Introduction: Positivity Plant

Picture of Positivity Plant

Positivity Plant, 2014

The Positivity Plant explores the relationship between humans and plants by using wind to light LED’s in order to send a positive message.

Step 1: Materials

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Materials needed:
Plant, copper tape, battery, 2 LED's, 1 resistor, conductive wire, and a soldering iron
(hot glue gun optional)

Step 2:

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First, you'll want to solder your 2 LED's to your resistor and place them into the front of your plant. This particular plant had rocks so I was able to stick the leeds under the rocks to keep them in place.

Step 3:

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Next you will solder conductive wire to either side of your LED's and resistor. This way the wires are coming out on opposite sides of the plant.

Step 4: (optional)

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Hot glue rocks over your wire so that they are less visible.

Step 5:

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Next you will solder copper tape to one wire thats attached to one side of the LED's and on another wire that is attached to the battery. The wire on the other side of the LED's will also be attached to the battery.

Step 6:

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You will then feed the two wires with copper tape up the stem of the plant and onto two leaves that are close to each other. One wire should attach to the bottom side of the leaf while the other attaches to the top side. This way they can touch when wind blows them together.

Step 7:

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You can then hide all of the attached wires and battery by taping it all to the back of the plant.
(You can use a smaller battery and it will work just as well)

Step 8:

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Finally you make a small stencil that says whatever positive reinforcement that is relevant to your life and attach it over the LED's.
(there are many ways of doing this but this specific sign has tracing paper behind the letters so the LED's shine more evenly over the words


BurgersBytes (author)2014-02-11

You could use one AA battery to power a garden lamp LED chip that uses a coil to power 2 bright LED's. You could also use a garden light solar panel with this chip to charge the battery and keep it off until it is dark enough to see. Here's the chip:

All of the parts you need come inside of a cheap solar garden lamp if you don't want to learn electronics. Connect the solar panel straight to one rechargeable AA battery and it will charge it without cutting off power to the LED's. Pin 1 of the 4 pin chip turns it off when the voltage is high on it.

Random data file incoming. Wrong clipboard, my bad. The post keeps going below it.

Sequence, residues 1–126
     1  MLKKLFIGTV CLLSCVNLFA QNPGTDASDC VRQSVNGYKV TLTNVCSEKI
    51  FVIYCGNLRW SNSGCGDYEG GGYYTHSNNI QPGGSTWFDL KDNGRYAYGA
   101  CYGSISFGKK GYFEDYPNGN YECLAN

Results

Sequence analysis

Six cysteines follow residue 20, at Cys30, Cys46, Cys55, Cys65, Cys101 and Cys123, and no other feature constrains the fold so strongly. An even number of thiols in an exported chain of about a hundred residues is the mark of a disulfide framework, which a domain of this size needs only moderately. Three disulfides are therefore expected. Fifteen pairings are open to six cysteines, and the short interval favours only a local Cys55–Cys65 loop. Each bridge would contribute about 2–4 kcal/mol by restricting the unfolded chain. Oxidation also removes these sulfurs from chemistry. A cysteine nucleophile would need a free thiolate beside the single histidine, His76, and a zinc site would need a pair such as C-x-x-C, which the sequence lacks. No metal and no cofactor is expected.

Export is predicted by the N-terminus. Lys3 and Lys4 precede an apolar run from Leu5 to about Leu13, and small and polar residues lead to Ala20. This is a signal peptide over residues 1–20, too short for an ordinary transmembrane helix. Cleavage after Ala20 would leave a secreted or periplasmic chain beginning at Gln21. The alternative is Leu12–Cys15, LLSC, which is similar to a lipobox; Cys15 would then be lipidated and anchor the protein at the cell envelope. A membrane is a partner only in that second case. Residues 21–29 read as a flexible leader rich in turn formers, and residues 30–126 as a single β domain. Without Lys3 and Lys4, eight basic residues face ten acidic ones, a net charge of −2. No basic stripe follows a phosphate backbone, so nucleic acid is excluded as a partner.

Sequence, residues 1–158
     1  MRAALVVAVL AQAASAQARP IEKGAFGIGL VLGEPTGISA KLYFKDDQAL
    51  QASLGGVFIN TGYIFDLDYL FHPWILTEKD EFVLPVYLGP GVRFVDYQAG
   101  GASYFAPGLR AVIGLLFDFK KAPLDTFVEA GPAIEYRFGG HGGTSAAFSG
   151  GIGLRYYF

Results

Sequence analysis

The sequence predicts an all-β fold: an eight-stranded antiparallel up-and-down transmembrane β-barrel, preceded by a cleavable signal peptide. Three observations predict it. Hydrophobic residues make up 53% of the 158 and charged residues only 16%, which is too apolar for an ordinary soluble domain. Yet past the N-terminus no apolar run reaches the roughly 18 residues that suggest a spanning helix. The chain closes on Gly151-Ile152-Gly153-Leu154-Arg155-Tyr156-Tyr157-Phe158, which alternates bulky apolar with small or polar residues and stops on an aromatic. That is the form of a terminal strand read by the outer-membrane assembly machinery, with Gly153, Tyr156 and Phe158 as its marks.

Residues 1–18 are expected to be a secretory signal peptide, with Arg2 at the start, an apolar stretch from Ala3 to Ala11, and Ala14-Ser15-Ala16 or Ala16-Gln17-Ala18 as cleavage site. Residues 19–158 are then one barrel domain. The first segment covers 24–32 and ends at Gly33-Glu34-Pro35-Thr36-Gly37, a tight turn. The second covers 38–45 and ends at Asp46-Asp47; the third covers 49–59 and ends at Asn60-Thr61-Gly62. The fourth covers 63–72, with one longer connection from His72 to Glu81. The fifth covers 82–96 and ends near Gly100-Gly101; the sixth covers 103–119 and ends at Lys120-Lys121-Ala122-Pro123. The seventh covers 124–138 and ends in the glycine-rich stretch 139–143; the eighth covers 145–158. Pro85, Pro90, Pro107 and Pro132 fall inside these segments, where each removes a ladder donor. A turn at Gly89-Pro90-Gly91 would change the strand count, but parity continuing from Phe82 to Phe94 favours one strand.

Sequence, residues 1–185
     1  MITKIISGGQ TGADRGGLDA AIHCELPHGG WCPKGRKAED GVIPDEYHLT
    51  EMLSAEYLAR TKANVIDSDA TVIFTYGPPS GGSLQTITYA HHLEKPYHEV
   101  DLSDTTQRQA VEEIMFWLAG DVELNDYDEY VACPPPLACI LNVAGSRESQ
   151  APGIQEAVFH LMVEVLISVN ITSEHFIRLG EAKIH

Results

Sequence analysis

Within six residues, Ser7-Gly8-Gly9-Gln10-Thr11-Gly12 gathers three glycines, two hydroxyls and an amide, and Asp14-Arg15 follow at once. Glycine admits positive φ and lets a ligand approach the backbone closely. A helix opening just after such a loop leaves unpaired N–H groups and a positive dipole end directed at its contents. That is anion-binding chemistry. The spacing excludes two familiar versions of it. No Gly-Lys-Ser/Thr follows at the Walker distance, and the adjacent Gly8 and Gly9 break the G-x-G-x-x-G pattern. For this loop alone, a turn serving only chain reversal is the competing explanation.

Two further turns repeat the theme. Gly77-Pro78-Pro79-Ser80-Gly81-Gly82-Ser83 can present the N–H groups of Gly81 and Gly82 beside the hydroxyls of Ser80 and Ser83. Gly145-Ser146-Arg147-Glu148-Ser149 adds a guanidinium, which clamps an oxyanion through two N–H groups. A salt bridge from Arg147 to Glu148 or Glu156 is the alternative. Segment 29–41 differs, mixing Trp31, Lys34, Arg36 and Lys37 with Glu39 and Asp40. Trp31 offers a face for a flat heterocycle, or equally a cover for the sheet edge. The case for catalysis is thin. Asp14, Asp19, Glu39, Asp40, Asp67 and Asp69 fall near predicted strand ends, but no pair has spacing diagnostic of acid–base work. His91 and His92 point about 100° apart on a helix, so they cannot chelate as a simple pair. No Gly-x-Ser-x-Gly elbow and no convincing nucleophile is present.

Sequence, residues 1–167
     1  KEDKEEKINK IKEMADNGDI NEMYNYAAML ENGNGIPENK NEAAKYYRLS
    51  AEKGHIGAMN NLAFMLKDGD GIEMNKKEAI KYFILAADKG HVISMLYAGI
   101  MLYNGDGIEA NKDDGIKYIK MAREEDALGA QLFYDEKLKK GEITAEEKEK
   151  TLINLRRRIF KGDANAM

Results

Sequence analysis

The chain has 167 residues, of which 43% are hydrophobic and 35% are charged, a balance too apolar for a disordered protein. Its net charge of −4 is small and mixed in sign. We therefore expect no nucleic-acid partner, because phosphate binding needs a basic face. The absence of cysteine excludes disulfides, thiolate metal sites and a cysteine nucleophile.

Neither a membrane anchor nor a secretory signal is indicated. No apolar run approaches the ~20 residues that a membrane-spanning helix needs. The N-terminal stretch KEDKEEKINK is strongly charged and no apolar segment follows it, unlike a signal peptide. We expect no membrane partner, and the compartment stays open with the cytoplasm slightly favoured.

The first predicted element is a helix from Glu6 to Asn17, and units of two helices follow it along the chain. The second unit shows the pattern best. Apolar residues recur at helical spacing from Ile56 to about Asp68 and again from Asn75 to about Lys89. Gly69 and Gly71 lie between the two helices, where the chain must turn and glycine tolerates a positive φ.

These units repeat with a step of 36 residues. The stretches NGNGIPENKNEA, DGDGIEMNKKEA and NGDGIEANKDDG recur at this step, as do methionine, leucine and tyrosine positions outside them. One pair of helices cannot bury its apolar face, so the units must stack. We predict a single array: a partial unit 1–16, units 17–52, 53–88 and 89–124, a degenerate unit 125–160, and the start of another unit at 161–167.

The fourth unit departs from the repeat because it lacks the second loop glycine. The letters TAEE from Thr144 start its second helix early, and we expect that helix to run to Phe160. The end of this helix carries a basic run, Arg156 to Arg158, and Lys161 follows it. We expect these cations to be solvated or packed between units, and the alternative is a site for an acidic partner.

BismillahM (author)2016-05-18

find out similar articles here

synystermick (author)2014-02-09

what kind of plant is this? i see these all the time

oachavez (author)synystermick2014-02-09

Its a Bonsai Tree!

AngryRedhead (author)oachavez2014-02-09

Bonsai is a technique/style/art. The tree is a ficus that's been lopped off.

AngryRedhead (author)2014-02-09

What about watering?

oachavez (author)AngryRedhead2014-02-09

For this plant in particular, the watering happens in the grassy section behind the rocks. So the wires go around it and don't come in contact with the water. There is also plastic covering over them so they should be fine even if they do touch water!

DTOM_Bear (author)oachavez2014-02-09

Um... Yeah, the wire is insulated, but the component leads don't appear to be covered. In fact, in the top pic of step 2, the LED leads are shorted (touching). Since one pic shows the sign illuminated, I assume you spread them out again, but insulating (with teflon tubing or heat shrink*) them would avoid the problem.

(* If you're on a budget, you can also strip some insulation from your wire and slide the insulation over the component leads. Probably won't work if your wire is small gauge like 22AWG or smaller.)

oachavez (author)DTOM_Bear2014-02-09

Yes you're right! This is my first time ever working with LED's and circuits so when I took the picture I didn't realize that them touching would mess it up and I had to push them apart. I was advised to use heat shrink on the LED's but I had a deadline so didn't have the time to add that on. That being said, the water doesn't go near the LED's at all so they should be fine as is!

AngryRedhead (author)oachavez2014-02-09

You mean the moss where the battery hangs just below the rim of the pot containing the lopped off ficus? Seems a bit worrisome, and it might be good to recommend a fake plant since those can still move in the wind but won't require water or fertilizer or repotting. Just to be safe. If only because plants shed leaves and don't like pores being clogged. :)

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Bio: Visual Artist from Chicago
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